• Find a mentor & build relationships.
  • Its OK to ask for help.

Hopefully that has given some insight into my experience as a Junior Developer, lets now move onto my experience as a Software Engineer.

#2. Software Engineer

Photo by Blake Wheeler on Unsplash

I finally got promoted from Junior Developer to a Software Developer. Unfortunately a few months later I was made redundant; however this ended up creating new opportunities for me.

Over the next 4 years I worked as a Software Engineer using JavaScript to build web applications and was also introduced to Agile Development.

I started working in cross-functional teams built of QA, BA, Product Owner, Technical Leads and Developers ranging from Junior to Senior level. I also had the opportunity to work with, and be coached by, awesome people along the way.

I was in an environment where we practiced some extreme programming techniques and paired on a lot of the stories we worked on. For me this was a great learning and teaching platform.

Pair programming allowed me to participate in driving and navigating the direction of the code. In the early days this forced me to step out of my comfort zone and also I started to feel a sense of ownership on the value I was delivering to the organisation.

I started to feel I had a role on the team.

But I still felt overwhelmed and the learning curve felt like it was getting harder.

So I started to develop a list of ways to keep up to date with the latest web technology. I started following people on Twitter, signing up to news letters, and attending courses.

Outside work I also started to attend local meetup groups.

Having a plan on how to keep up to date and attending events took my learning to the next level, and I felt like the learning curve was getting easier.

Overall my time as a Software Engineer was great. I acquired a deeper understanding of the software development life cycle and started to specialise in an area.

So again, lets go back and look at the areas I have highlighted as my time as a Software Engineer and advice I would give.

“created new opportunities…”

Opportunities are everywhere. At the start they are hard to see, but as time goes on you soon realise there are many things you could pick up. For example maybe the build process of your application is slow but nobody is currently owning that? Or maybe you can see your team is struggling with something? These are areas you could own!

Keeping an open mind and owning opportunities is a great way to build your confidence and your career.

Opportunities throughout your career will come in all shapes and sizes. Its taken me awhile to learn how to embrace them, I recommend keeping your eyes and ears open about what opportunities are around and try and pick some up. I think you will be surprised with the results.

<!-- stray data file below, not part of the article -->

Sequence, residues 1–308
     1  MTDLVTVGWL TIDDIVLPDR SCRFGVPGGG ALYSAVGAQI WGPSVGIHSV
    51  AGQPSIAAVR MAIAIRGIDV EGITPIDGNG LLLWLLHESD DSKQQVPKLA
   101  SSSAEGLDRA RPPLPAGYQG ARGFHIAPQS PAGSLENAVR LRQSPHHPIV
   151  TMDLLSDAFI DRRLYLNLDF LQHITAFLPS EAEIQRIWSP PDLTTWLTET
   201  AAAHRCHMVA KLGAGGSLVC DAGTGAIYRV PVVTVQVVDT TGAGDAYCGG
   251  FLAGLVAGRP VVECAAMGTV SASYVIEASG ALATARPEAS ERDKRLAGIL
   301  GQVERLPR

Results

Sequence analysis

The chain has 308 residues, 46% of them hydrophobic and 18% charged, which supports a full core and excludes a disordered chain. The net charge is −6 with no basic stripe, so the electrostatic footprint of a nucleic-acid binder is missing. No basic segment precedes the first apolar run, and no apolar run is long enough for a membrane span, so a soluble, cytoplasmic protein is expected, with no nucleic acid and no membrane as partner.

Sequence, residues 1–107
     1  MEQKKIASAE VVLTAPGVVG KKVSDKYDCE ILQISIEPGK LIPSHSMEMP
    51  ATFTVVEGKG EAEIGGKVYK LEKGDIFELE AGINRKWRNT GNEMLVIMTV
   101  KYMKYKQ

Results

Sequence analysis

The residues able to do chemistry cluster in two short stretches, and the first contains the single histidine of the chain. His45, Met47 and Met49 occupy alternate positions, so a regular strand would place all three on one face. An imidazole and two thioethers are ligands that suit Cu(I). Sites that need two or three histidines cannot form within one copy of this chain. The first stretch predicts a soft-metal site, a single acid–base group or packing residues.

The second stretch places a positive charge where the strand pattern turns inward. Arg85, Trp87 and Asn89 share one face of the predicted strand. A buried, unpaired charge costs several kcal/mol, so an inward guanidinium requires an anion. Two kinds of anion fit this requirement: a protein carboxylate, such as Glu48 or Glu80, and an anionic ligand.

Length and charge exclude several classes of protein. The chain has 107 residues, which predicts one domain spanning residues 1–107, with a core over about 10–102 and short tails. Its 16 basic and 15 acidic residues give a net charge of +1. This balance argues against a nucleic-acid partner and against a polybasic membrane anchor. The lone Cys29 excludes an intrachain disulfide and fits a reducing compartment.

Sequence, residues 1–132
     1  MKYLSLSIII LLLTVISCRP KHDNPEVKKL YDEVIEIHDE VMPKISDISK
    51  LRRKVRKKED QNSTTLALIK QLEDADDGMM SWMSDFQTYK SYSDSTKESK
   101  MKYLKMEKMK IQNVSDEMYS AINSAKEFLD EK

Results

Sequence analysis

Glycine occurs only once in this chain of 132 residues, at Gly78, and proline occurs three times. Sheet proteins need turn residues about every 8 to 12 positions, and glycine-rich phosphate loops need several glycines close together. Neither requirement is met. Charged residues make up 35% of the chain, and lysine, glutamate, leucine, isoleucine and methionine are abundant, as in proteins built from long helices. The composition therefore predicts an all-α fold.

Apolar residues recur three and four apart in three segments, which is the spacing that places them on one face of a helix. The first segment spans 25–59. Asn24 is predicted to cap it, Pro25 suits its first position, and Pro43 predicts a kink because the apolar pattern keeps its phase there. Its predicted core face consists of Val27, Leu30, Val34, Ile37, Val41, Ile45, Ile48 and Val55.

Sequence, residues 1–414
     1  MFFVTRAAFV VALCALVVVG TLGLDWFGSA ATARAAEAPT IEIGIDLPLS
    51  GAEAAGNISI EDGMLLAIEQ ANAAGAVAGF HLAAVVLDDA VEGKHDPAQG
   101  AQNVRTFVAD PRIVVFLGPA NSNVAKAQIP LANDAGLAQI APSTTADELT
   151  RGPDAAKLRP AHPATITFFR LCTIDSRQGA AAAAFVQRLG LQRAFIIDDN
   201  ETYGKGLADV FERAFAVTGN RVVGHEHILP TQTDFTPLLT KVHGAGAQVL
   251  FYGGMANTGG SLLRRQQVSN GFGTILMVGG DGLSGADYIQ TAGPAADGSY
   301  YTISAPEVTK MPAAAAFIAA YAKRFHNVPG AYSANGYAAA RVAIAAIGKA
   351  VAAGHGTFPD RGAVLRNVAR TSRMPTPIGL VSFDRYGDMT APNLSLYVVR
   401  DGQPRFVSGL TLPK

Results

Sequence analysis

“introduced to Agile Development”

For me this is something I hold close my core values. I’m a huge believer of Agile and what it can mean for people and businesses.

Studying Agile methodologies and the manifesto has helped me as a engineer, mentor, coach, father and overall person.

I could talk about this area for the rest of the blog post but I highly recommend going on your own journey with Agile development to find out what it means for you.

There are plenty of meetup groups, books and courses you can attend to learn more. You could even come to Agile Peterborough the event I co-host (shameless plug).

“coached by awesome people…”

There will always be people that come in out of your life, and opportunities to find some great relationships.

I only started to seek out a mentor when I was a Senior Software Engineer but I recommend that you start at any stage of your career. The conversations I have had over a coffee or quick walk have been invaluable and helped shaped my career and life.

Take some time and think about what areas you would like mentoring on and reach out to people. I think you may be amazed by the result.

Start thinking about what you can do to mentor others. You don’t have to be an expert to be a mentor, everyones expertise is in different areas. Reach out and see what you can offer others. Be confident and believe in yourself, their will be someone that can benefit from your knowledge.

“great learning platform and teaching platform.”

I have already mentioned this, but as an engineer you will need to be continuously learning to stay in the game. The learning never stops.

Take time out and find out what works best for you, are you a visual learner? Do you learn by example? Figure out what is best for you and make sure you apply it.

Software development is forever changing and adapting, we cannot afford to stop learning. And why would we want too? Its will only get boring if you do.